Acquiring the essential information means getting answers to questions about, for example, the candidates' views on the proper role of government. Thus, what I have in mind is a series of questions that every candidate and voter should answer. This applies to all candidates and voters, whatever their gender, race, religion, or opinion about whether the newly elected president should wear blue jeans when taking the oath of office.
While I don't claim the following list of questions on key topics is exhaustive, I do believe it will produce the information we need to be able to vote intelligently.
Government: Does the candidate believe that the day town governments began collecting garbage, or the day the federal government began regulating air traffic, was the day when government went too far?
Economics: Does the candidate agree that 99 percent of Americans have a genuine grievance against the top 1 percent of income earners? Or should it be 98 percent against 2 percent?
International relations: Does the candidate think that foreign affairs are none of our business because affairs are a personal matter?
Judiciary: In choosing potential justices of the U.S. Supreme Court, would a candidate insist on nominees who intend to rely on the original intent of the authors of the Constitution - even if that means determining what their original intent was regarding the Internet?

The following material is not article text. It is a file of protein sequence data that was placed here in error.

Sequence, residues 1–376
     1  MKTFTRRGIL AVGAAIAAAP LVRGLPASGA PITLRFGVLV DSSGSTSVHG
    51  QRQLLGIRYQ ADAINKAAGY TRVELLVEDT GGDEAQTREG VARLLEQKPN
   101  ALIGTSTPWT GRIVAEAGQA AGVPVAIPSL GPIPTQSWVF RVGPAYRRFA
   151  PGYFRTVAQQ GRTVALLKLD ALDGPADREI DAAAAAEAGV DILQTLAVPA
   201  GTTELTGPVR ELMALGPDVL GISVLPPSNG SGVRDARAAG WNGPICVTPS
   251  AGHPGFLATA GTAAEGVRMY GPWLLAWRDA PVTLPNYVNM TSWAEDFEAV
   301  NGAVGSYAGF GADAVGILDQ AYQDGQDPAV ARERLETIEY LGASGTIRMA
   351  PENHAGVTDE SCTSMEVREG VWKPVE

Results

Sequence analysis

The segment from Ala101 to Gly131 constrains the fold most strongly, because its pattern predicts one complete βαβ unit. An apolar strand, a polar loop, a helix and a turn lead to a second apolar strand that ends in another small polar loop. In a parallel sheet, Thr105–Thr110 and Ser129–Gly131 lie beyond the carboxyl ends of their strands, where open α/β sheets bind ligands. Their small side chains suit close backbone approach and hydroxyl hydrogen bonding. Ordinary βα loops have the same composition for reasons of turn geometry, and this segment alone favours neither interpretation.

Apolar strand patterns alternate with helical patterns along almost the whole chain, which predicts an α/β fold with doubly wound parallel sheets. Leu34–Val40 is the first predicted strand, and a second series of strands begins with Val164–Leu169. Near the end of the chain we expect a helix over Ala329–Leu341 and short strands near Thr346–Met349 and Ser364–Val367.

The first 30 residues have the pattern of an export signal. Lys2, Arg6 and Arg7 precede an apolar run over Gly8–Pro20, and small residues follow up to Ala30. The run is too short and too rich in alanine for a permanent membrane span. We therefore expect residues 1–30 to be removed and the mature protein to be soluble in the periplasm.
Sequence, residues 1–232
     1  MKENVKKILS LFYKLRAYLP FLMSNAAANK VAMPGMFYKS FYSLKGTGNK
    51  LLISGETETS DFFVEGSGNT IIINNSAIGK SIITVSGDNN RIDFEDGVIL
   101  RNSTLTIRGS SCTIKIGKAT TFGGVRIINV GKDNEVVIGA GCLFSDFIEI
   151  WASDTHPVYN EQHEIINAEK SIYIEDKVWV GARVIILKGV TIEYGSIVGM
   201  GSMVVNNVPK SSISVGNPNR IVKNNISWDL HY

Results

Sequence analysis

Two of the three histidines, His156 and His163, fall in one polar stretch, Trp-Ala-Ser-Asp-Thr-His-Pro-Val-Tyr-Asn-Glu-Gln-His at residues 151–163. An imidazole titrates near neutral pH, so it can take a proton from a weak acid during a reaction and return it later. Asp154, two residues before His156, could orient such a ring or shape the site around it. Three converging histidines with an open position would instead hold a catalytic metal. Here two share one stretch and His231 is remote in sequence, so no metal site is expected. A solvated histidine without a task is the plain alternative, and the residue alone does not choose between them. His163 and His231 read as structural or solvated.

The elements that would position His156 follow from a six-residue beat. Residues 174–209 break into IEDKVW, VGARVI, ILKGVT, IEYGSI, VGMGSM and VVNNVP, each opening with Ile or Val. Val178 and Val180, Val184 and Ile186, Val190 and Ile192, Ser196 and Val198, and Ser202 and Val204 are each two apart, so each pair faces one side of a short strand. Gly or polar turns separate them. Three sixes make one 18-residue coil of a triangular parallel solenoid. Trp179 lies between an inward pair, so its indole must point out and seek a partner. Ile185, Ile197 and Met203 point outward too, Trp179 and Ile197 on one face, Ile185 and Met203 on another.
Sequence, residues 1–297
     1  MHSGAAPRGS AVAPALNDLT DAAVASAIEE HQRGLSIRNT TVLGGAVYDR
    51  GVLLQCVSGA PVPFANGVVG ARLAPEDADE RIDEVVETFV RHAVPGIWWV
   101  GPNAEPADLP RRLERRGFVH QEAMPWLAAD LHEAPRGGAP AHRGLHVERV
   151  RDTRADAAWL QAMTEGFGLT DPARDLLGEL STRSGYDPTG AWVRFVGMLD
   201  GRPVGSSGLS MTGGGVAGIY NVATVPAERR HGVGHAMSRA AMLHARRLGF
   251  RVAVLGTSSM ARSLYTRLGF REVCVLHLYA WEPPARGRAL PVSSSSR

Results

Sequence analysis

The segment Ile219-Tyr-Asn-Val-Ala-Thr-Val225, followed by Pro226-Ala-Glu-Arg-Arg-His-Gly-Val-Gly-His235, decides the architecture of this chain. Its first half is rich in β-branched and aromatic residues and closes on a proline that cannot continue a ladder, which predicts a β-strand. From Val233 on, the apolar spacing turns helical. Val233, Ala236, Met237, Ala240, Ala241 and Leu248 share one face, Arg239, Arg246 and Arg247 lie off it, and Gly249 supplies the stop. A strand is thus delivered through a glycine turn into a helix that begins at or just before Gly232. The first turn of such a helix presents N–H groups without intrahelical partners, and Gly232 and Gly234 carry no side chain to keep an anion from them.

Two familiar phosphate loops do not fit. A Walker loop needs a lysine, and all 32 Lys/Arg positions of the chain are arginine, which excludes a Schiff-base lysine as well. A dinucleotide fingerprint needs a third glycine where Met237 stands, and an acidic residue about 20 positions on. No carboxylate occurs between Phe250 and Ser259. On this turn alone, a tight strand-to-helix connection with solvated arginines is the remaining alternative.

Balanced ticket: If a candidate is lesbian, should she require her vice presidential running mate to be gay?
Patriotism: Does the candidate believe that serving meat loaf instead of turkey for Thanksgiving is traitorous?
Values: Would you refuse to vote for a candidate who is an ardent advocate of fidelity and also commits adultery once or twice a week? If so, is that because you think such a candidate is hypocritical, or because you are concerned he may not have enough time to run the country?
Science: Consider the following statement: "The sun rises in the east and sets in the west." Does the candidate think it is scientific gibberish?
Consistency: Does a candidate who rejects any or all of the programs he recently supported as a lobbyist do so because he has an open mind?
Gun control: If a candidate is certain that every citizen has a constitutional right to own a gun, does it follow that every family has a right to possess a howitzer?
Education: Should all students in grades K-6 be required to blog daily?
Tolerance: Would the candidate refuse to debate another candidate who walks on his knuckles?
Third parties: (1) Should a tea-party candidate be required to have an annual pretax income of at least $100 million? (2) Should an Occupy Wall Street candidate be permitted to maintain a pup tent in New York's Zuccotti Park to serve as his or her national campaign headquarters?
Immigration: If the answers to these questions convince some voters that none of the candidates should be elected president, should those voters be deported until the 2016 election?
Seymour I. "Spence" Toll is a Philadelphia lawyer and writer. He can be reached at firstname.lastname@example.org.